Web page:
In this connection it is important to note that the followers of the Báb who defended themselves against the onslaught of the enemy, did so because of the special circumstances under which the Faith of the Báb was born and His Message propagated. To appreciate this, we must become familiar with the conditions prevailing at that time in Persia within the Shí'ah community, and the nature of the Revelation of the Báb.

Let us recall that all the Manifestations of God prior to the Revelation of the Báb appeared within the cycle of prophecy


which began with Adam,* as the first Manifestation of God of that cycle, and culminated with the Dispensation of Muhammad who was the Seal of the Prophets. They, one and all, prophesied the advent of the Day of God and recounted their visions of the 'Glory of God' manifesting Himself to mankind.

The main objects of the Báb in revealing Himself were to herald the Revelation of Bahá'u'lláh and prepare the people for His coming, to close the cycle of prophecy and to open the cycle of fulfilment when the 'Glory of God' would be manifested as foretold in the heavenly Books.† Islám, the last Dispensation in the chain of the Prophetic Cycle, was therefore more closely involved with the Revelation of the Báb than any other religion.

The Báb appeared among the people of Islám. His Message was eagerly anticipated by them, as both Shí'ah and Sunní expected the appearance of the Qá'im or Mihdí respectively. This expectation was based on the prophecies of Muhammad and the Imáms, especially the latter who had left thousands of traditions concerning the appearance of the Qá'im.‡ To the Islámic community, the coming of the Promised One was real and had been explicitly foretold. The Shí'ah among whom the Báb appeared lauded the glory of the Qá'im in their meetings, fervently prayed for His advent and rose to their feet at the mention of His name. That the Báb had a special link with Islám is not due merely to the fact that He was born a Muslim and was Himself a Siyyid, a descendant of the Prophet Muhammad, but lies in His special Mission to terminate the Dispensation of Muhammad and abrogate its laws. So tremendous was this function that its mere contemplation cast terror into the hearts and souls of men in Persia. Even some of the followers of the Báb, those who had not fully appreciated the significance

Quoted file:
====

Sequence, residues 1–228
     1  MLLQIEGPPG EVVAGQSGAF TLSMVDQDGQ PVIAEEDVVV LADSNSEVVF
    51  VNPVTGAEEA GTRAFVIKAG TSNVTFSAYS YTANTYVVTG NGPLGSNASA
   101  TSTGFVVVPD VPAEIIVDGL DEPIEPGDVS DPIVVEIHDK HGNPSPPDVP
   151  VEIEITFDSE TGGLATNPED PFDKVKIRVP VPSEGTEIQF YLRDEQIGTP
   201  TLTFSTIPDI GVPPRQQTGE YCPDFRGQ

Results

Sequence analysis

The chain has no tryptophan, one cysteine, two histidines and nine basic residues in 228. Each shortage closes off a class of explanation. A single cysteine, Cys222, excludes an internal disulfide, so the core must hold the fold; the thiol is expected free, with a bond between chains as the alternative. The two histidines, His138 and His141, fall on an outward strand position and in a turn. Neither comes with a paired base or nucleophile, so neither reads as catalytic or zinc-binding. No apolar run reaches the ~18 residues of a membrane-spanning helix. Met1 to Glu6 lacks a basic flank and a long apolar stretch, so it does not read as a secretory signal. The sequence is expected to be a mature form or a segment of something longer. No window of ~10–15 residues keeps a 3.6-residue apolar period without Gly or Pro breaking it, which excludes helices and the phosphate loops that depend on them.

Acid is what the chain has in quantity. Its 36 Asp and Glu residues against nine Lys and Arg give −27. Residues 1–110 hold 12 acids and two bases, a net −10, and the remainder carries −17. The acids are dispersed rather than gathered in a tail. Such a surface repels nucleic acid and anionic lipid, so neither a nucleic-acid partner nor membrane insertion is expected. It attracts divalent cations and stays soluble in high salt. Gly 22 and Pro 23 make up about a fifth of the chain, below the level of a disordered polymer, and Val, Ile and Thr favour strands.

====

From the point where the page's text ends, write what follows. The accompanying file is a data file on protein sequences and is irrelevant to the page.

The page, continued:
* According to Bahá'í belief the Biblical story of Adam is allegorical and He was the first Manifestation of God in recorded history (see Some Answered Questions by 'Abdu'l-Bahá).

† See pp. 16-18.

‡ See vol. 1, pp. 193-4.

and potency of His Revelation, lost their faith when they heard the annulment of Qur'ánic Law being proclaimed at the conference of Badasht* by a distinguished band of His disciples a little more than four years after the Declaration of the Báb. To abrogate the twelve-hundred-year-old law of Islám was not a light matter. People had cherished it for centuries and had shaped their lives and conduct in accord with its provisions. To annul these by a stroke of the Pen needed not only divine power, but also divine wisdom and mercy.

The Manifestations of God do not change the laws of old suddenly or prematurely, nor do they reveal new laws until their followers are ready and able to carry them out. Bahá'u'lláh explains:

Know of a certainty that in every Dispensation the light of Divine Revelation has been vouchsafed to men in direct proportion to their spiritual capacity. Consider the sun. How feeble its rays the moment it appeareth above the horizon. How gradually its warmth and potency increase as it approacheth its zenith, enabling meanwhile all created things to adapt themselves to the growing intensity of its light. How steadily it declines until it reacheth its setting point. Were it all of a sudden to manifest the energies latent within it, it would no doubt cause injury to all created things...In like manner, if the Sun of Truth were suddenly to reveal, at the earliest stages of its manifestation, the full measure of the potencies which the providence of the Almighty hath bestowed upon it, the earth of human understanding would waste away and be consumed; for men's hearts would neither sustain the intensity of its revelation, nor be able to mirror forth the radiance of its light. Dismayed and overpowered, they would cease to exist.12

Through His mercy, the Manifestation of God introduces new laws and ordinances gradually, and leads His followers from one world into another, stage by stage, knowing too

* For more information see The Dawn-Breakers.

12. Bahá'u'lláh, quoted by Shoghi Effendi, 'The Dispensation of Bahá'u'lláh', The World Order of Bahá'u'lláh, p. 117.